Council members voted unanimously to select two firms to design and provide engineering services for a sewer system to serve the historic district, which dates to the late 1800s.
Total cost will be $120,300, which will come from city reserve funds targeted for infrastructure projects.
City Manager Robbie Rokovitz said the process of getting to this stage of authorizing funds “entailed much discussion with many moving parts and intergovernmental cooperation.”
“I am proud of the Hiram City Council for their tenacity in seeing this significant economic development project take a giant leap in the right direction,” he said.
Businesses in the area now must use septic systems, which are a major impediment to attracting such entities as restaurants that typically produce a comparatively high volume of wastewater.
Mayor Pro Tem Prather “Pep” Rollins said every part of a city contributes to its economic development but “downtowns typically possess the historical traits which set the tone for the character of the surrounding community.”
“And we know that supporting and funding sewer infrastructure will help retain current merchants and attract new ones who could not open their doors without it,” Rollins said.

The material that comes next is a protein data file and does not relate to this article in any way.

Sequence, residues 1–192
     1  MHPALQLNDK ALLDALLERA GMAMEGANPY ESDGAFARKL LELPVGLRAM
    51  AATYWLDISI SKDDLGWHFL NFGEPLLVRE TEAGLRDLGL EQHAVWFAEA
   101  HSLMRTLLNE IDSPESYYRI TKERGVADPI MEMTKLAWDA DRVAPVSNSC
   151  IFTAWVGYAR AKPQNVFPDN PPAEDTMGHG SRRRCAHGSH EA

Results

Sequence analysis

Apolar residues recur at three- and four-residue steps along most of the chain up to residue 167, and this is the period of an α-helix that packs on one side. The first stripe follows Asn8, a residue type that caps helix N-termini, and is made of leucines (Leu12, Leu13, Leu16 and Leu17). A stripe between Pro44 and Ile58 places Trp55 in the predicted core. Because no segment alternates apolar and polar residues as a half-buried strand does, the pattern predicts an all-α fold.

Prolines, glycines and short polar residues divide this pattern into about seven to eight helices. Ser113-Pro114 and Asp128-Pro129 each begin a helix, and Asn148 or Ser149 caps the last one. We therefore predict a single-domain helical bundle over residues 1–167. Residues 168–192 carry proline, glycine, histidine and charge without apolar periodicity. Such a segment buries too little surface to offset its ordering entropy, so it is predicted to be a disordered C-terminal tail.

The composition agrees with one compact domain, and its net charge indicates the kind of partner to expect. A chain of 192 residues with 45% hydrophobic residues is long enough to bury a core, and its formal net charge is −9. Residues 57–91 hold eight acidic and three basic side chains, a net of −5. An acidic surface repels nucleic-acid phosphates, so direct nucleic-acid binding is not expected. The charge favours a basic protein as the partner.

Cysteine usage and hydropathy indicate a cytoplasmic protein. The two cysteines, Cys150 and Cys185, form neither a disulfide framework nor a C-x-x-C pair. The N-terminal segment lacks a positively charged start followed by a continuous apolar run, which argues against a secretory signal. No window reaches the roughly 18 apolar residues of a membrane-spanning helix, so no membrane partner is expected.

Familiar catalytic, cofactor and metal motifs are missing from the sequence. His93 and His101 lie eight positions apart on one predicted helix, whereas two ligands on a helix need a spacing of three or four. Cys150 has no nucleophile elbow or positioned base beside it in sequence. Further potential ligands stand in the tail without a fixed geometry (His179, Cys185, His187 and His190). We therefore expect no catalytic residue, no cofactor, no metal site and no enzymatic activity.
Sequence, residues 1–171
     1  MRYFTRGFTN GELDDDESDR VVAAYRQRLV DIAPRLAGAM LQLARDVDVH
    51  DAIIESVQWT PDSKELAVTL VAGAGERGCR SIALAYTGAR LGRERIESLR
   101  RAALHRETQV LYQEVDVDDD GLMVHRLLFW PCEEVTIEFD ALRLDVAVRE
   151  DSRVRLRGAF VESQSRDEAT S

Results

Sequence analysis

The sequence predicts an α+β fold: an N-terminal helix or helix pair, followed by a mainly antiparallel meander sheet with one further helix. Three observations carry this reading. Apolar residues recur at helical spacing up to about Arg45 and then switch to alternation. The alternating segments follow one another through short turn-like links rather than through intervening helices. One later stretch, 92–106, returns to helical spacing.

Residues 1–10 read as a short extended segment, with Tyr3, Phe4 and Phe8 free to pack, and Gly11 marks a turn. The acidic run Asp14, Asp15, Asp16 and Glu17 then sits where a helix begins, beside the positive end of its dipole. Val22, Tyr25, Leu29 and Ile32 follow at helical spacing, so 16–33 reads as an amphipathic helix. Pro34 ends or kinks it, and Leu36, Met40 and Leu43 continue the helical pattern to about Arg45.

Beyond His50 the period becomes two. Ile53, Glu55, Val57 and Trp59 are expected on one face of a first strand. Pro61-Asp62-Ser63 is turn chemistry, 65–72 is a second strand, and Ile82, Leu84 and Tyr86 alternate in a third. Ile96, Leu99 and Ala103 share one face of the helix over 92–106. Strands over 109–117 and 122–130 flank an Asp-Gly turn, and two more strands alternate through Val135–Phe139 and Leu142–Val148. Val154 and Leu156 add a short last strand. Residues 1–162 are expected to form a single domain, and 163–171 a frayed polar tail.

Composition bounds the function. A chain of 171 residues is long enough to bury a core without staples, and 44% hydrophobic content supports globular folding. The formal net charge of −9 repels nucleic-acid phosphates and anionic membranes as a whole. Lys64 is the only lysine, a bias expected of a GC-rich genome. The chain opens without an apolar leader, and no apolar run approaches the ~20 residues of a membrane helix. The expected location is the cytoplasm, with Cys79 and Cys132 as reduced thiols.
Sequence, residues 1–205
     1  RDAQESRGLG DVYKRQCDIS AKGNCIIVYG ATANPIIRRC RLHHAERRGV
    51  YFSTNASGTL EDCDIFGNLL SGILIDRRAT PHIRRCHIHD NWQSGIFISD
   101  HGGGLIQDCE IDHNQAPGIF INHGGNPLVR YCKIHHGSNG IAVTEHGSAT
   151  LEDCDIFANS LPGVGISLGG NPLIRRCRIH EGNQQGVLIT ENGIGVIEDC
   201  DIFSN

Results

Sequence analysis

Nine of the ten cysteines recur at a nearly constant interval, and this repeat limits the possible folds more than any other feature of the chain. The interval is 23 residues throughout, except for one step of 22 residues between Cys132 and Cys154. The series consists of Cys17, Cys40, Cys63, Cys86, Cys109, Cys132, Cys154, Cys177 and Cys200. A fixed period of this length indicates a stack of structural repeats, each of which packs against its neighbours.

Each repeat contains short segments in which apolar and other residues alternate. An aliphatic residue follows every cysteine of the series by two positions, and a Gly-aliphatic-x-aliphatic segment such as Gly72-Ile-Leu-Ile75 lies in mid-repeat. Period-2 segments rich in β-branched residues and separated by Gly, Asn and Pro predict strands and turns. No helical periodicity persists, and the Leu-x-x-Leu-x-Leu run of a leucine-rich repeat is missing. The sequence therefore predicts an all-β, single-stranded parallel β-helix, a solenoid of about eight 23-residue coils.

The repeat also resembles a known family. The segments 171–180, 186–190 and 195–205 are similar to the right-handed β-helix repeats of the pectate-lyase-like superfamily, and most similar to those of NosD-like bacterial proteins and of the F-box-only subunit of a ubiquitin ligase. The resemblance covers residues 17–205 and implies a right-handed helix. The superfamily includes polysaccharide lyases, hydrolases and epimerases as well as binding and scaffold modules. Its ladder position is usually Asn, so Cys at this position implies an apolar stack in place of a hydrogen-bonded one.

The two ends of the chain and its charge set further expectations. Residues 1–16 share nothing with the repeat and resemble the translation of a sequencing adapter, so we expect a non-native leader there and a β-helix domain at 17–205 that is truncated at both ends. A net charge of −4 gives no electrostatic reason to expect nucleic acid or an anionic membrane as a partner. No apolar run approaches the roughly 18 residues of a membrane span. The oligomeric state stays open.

The council approved a contract for engineering for the design and construction management for three components of a sewer system, including a lift station, a force main and a gravity sewer line.
The council voted to select Marietta-based Croy Engineering to design and oversee construction of the lift station and force main.
Hiram will provide the funding to build the system infrastructure, and then give it to Paulding County Water and Sewer Department, which will own, operate and maintain it, Rokovitz said.
The county department currently provides sewer service to the bustling Hiram retail area along U.S. Hwy. 278 between Old Mill Road and the Cobb County line.
“The city of Hiram is not in the sewer business,” Rokovitz said.
Croy also served as engineering consultants for Paulding County on other lift station and force main projects – providing a comfort level for the future owner because of its familiarity with the company, Rokovitz said.
The council also selected Smyrna-based Stevenson and Palmer as the engineering consultants for the gravity sewer portion.
Rokovitz said he planned to recommend the company also be considered for design of a streetscape project that would be built on top of the gravity sewer line.
The project would extend a recently-completed streetscape project at Powder Springs Street and Seaboard Avenue to downtown Hiram, giving the city an uninterrupted sidewalk between the Silver Comet Trail and the historic area.
Councilwoman Teresa Philyaw said she was glad the long-sought project moved to the next step.
“I have been a champion of this project for a long time and could not be more excited about how our council embraced the idea and committed funding to ensure our city enhances its competitive economic edge in the metro Atlanta area,” she said.